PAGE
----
Often, our data comes to us in ways that are better for calculating than they are for reading. One example of this is a standard data table that repeats headers and labels for each row. When we are sorting, alphabetizing, and filtering, this format is incredibly useful. However, when we want to read a summary of the information, these tables are difficult to work with. Sometimes, it is better to have all the options in a table listed in a comma-separated list rather than broken out across many rows. Unfortunately, Excel doesn’t have a simple function to make this possible. Here is a quick set of data manipulation steps that will build a comma-separated list in a single cell from multiple rows of data…
Examine the Data and the Objective
Let’s look at an example data set… In this case, we have a list of all the Makes and Models of cars available in the U.S. for 2014. They are stored in a table with a separate row for each model, so the make of the car is repeated in each row as well.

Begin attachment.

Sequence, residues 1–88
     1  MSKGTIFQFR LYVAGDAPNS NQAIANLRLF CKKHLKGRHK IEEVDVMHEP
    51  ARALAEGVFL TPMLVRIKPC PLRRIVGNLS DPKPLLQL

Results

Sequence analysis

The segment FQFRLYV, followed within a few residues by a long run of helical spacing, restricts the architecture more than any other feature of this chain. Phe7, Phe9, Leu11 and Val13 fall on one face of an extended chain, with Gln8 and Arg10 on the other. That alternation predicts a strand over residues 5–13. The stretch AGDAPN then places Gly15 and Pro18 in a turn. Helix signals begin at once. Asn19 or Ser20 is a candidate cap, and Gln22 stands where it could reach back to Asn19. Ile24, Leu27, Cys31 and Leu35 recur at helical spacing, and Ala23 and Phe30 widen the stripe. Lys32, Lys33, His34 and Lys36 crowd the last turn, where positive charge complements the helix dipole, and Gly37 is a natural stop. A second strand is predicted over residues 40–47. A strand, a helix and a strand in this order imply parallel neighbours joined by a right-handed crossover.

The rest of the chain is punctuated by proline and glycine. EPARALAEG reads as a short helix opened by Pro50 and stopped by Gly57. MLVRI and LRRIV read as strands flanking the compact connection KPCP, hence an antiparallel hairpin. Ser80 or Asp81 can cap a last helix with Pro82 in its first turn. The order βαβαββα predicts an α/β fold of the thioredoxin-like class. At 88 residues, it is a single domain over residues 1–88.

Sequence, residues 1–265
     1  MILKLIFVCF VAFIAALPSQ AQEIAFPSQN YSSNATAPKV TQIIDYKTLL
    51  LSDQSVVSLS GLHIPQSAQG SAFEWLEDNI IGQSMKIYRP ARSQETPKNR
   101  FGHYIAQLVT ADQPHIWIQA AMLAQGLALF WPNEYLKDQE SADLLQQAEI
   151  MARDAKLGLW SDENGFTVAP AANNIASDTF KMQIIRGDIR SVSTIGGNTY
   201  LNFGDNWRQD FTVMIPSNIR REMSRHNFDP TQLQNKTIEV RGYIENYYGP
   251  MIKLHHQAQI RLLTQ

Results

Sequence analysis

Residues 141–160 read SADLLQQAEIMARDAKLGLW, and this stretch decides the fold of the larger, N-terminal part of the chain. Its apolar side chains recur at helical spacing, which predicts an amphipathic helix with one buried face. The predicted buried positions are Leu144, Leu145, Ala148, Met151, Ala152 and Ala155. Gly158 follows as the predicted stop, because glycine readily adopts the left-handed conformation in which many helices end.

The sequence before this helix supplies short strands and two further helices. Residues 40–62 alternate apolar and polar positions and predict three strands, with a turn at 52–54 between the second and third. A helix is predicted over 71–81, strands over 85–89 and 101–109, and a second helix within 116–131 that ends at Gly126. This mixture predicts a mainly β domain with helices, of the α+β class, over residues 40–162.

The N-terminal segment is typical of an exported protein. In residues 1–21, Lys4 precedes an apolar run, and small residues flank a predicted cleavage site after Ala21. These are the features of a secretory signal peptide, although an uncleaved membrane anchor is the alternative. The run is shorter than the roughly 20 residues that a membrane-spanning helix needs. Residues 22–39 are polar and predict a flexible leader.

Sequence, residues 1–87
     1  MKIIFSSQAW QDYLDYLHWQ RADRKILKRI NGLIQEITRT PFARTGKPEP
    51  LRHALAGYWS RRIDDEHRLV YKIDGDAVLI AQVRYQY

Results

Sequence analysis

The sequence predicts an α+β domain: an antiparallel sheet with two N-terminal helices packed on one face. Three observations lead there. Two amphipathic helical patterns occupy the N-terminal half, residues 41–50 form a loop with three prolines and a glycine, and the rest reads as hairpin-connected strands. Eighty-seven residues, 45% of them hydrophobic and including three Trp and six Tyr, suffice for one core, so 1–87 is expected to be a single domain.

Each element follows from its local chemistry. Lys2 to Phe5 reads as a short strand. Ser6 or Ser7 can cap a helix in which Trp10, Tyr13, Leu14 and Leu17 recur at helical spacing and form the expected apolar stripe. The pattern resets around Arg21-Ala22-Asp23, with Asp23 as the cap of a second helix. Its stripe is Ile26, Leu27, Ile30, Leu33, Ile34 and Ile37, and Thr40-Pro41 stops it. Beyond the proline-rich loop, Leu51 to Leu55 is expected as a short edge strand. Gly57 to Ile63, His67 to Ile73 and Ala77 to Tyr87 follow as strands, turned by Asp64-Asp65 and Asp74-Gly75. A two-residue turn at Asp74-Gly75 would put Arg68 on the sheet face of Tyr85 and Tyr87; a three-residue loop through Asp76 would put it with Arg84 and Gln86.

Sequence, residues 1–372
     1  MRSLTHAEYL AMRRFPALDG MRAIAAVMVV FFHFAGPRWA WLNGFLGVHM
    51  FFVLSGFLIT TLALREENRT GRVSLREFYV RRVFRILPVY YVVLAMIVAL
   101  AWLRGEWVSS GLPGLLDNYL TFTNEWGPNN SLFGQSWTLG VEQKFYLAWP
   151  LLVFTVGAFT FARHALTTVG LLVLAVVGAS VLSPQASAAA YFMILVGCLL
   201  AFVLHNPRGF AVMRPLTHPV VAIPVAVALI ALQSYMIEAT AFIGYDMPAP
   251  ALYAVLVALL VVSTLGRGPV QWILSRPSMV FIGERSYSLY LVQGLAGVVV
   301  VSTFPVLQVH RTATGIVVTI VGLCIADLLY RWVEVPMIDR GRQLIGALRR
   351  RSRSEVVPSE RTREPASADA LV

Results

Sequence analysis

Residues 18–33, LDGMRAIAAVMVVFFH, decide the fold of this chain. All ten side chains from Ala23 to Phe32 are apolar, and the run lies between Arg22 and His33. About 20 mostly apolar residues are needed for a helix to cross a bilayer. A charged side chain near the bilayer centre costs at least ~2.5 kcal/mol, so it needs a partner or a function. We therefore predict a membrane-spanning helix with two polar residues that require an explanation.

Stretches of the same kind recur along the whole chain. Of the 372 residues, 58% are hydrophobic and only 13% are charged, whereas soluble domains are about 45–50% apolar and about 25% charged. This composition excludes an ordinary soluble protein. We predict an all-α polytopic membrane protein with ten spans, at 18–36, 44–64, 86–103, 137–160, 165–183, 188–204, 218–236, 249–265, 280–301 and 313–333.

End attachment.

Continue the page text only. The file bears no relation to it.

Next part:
What we want is a single row for each make of vehicle with a list of models after it, separated by commas. It should look like this:
The steps that follow will show you how to get to this result.
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Andrew Roberts has been solving business problems with Microsoft Excel for over a decade. Excel Tactics is dedicated to helping you master it. You can read more of his writing on his personal blog at NapkinMath.io.
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Other posts in this series...
- VLOOKUP with Multiple Values or Criteria Using INDEX and MATCH (How To)
- Faster Multiple Criteria Lookups with VLOOKUP and CONCATENATE
- Extract a List of Values Filtered by Criteria with Sub-Arrays
- How to Combine (Concatenate) Data from Multiple Rows into One Cell
- How to Unpivot Columns into Rows in Excel Using Power Query